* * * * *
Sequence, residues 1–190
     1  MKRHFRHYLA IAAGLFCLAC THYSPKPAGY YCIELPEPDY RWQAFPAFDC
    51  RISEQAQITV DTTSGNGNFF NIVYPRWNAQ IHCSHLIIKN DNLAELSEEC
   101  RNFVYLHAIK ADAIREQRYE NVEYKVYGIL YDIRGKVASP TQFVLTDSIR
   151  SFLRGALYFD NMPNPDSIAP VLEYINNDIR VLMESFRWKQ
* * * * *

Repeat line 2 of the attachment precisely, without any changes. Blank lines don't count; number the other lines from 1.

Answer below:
     1  MKRHFRHYLA IAAGLFCLAC THYSPKPAGY YCIELPEPDY RWQAFPAFDC